… Except the roses. And the roses look great, but it’s a bit too early for them to bloom. I cut most of the roses back severely a year ago, so I’ve not pruned them at all this year, and they’re covered in buds, ready to bloom in a few weeks.
At every turn there are several somethings blooming, and late in April and into May the gardener can easily convince himself that he has created a masterpiece. The reality is obvious by mid-summer, but for today there is every reason to be entirely satisfied.
I am seduced by flowers like everyone else, but when I wander about the garden I am just as pleased to see an interesting bud, or an emerging leaf. There are two Acrocona spruce (Picea abies ‘Acrocona’, above) in the garden, and through much of the year these are awkwardly branched, not weeping, but not distinctly upright. Most people would not give a second glance to this ungainly selection of Norway spruce. But, in late April raspberry red cones begin to form at the branch tips, so that the spruce appears to be in bloom from a distance (below).
Since I have been delayed by rambling on about Japanese maples the past week, the number of blooms in the garden is greater than can be fit into an entry of reasonable length. So, today we’ll feature the blooming shrubs of late April, and a few days later we’ll cover the perennials. By that time there will be more blooms, so I don’t expect to catch up until June, or later.
The camellias have been disappointing this spring, except for the autumn blooming ‘Winter’s Interlude’ that flowered better than any of the spring flowering varieties. Redbuds and dogwoods bloomed wonderfully, and it appears that the azaleas (Azalea ‘Delaware Valley White, above) will do the same.
The fragrant blooms of Koreanspice and Burkwood viburnums have passed, but now the non-fragrant but splendid Maresi doublefile (Viburnum plicatum var. tomentosum, above) and Pragense viburnums (Viburnum x pragense, below) are in bloom. In the garden both have been shaded a tad more than is to their liking as the forest’s edge has spread through the years, but they continue to flower.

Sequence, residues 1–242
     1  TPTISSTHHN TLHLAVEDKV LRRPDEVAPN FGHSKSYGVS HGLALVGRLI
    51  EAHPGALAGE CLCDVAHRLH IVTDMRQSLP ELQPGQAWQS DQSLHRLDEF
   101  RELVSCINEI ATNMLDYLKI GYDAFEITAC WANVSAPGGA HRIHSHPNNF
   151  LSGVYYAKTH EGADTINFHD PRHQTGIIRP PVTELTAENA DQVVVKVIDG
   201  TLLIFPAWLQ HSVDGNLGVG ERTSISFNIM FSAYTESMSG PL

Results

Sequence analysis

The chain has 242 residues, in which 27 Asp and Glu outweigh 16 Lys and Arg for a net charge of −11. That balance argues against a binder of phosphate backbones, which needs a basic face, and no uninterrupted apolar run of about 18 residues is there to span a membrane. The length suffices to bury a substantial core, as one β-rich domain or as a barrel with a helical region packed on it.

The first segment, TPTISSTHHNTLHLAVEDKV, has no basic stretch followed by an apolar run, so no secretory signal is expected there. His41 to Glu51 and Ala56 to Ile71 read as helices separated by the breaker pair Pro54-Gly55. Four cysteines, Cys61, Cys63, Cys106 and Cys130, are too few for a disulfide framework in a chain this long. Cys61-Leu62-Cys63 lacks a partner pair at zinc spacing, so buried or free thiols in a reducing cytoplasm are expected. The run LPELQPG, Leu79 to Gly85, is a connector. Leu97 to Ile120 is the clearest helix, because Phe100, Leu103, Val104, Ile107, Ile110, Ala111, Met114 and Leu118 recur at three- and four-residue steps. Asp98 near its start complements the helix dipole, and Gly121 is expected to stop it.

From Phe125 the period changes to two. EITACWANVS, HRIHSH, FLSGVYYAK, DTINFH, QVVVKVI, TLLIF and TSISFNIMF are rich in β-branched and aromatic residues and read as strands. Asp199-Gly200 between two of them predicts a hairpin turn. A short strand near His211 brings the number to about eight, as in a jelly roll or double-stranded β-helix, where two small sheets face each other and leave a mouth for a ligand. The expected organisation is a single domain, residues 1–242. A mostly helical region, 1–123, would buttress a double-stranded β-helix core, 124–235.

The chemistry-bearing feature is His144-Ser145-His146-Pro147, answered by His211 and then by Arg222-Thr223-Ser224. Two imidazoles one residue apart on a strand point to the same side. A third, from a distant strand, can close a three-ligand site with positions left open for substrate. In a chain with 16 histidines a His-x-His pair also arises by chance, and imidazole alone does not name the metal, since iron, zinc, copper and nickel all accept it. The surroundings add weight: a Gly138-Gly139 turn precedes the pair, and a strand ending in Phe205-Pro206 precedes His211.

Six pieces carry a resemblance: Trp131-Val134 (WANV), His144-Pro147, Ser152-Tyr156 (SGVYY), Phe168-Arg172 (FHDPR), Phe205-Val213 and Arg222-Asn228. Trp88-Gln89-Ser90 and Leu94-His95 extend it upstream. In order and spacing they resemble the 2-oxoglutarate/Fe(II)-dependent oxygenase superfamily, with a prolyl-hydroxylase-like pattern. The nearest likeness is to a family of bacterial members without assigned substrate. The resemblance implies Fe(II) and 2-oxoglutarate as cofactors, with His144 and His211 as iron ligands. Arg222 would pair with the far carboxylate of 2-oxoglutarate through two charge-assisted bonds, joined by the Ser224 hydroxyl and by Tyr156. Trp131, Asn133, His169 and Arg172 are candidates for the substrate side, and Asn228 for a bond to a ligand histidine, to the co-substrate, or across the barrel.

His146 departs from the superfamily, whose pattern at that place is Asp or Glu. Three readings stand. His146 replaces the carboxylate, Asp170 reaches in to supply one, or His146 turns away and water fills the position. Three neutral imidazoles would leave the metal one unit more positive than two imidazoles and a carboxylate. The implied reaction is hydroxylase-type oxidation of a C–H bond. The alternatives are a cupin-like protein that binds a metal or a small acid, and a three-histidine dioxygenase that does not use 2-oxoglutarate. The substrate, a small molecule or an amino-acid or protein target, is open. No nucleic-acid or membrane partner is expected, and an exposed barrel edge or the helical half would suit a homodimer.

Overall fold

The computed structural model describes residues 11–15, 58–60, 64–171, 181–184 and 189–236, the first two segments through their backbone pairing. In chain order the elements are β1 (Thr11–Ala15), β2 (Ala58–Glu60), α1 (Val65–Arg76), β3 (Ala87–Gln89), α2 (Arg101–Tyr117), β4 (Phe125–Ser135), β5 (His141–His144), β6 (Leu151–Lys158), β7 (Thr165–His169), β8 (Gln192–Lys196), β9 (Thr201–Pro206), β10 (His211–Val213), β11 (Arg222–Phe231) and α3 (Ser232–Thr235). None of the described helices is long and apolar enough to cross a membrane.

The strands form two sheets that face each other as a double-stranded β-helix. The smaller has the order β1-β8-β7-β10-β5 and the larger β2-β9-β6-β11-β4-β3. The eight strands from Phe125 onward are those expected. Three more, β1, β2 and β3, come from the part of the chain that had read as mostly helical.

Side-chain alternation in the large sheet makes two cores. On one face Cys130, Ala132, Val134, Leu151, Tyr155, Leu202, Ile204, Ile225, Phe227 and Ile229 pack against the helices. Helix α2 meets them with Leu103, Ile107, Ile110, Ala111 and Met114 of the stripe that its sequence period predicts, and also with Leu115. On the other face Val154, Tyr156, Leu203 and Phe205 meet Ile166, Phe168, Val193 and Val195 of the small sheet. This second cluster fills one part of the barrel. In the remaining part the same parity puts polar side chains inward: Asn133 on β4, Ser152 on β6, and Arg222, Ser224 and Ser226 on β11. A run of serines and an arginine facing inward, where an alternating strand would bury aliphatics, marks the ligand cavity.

The Chinese Snowball viburnum (Viburnum macrocephalum ‘Sterile’, below) is just beginning to flower on the shaded south side of the house, and the blooms are not diminished at all by the lack of sunlight. The large, hydrangea-like flowers begin a light green, and as the flower head expands the color lightens to cream, and then to white. The snowball viburnum grows taller than ten feet, and nearly as wide, with a loose habit that is too coarse to be a centerpiece, but they are valuable when planted to the side or back of the garden.
Perhaps this will be the year when this overgrown shrub is cut back by several feet. This task has been on my wife’s to-do list for several years. I cut the spiraled topiary boxwood that was obstructing the path to the back deck into a tight cone a week ago, and if I chop back the snowball viburnum I might return to good graces with her after chopping out so much of the back lawn earlier in the spring. One can only hope.
Anyway, on to other blooming shrubs. I am careful to note when Fothergilla (Fothergilla gardenii x major ‘Mount Airy’, above) should be blooming since it is planted along the outside of the north border and cannot be seen from the inside of the garden. There are many plants that are enjoyed by the neighbors, and only on occasion by me when I push my way through the dense plantings. I mowed a narrow strip of lawn along the border years in the past, but much of it is now so shady that grass doesn’t grow, and the neighbor mows the little bit that does.
Back to the southern border (which is deeply shaded by mature maples and poplars) there are several shrubs that bloom late in April into May. The flowers of the Red Bottlebrush Buckeye (Aesculus pavia, above) are a little ragged once they have opened, and a day and two prior to opening is when they are best. For years the buckeye was a squat shrub, but in the past two years it has decided to grow more upright. Still, there are enough low branches to enjoy the blooms.
Only a few feet from the buckeye are three native, red flowering sweetshrubs (Calycanthus floridus, above), and a few paces further a yellow flowered selection (C. floridus ‘Athens’, below). I am rarely able to smell even the strongest of scented plants, but on recent evenings the sweetshrubs were quite pleasant. The blooms are an unusual red-brown, and I’m certain they will never gain more popular acceptance except to native plant lovers.
Oops, I promised that I would not drag on so long today, but I see that I have, so I’ll end today without a lot of chatter, but with a photo of the blueberries (below) in bloom. Of course, you know what blueberries do, and in theory each flower will turn to a plump fruit, but I am resigned that the birds will get nearly every berry from the five shrubs that I grow. I could net them to keep the birds out, but I could do a lot of things that I don’t bother to get around to.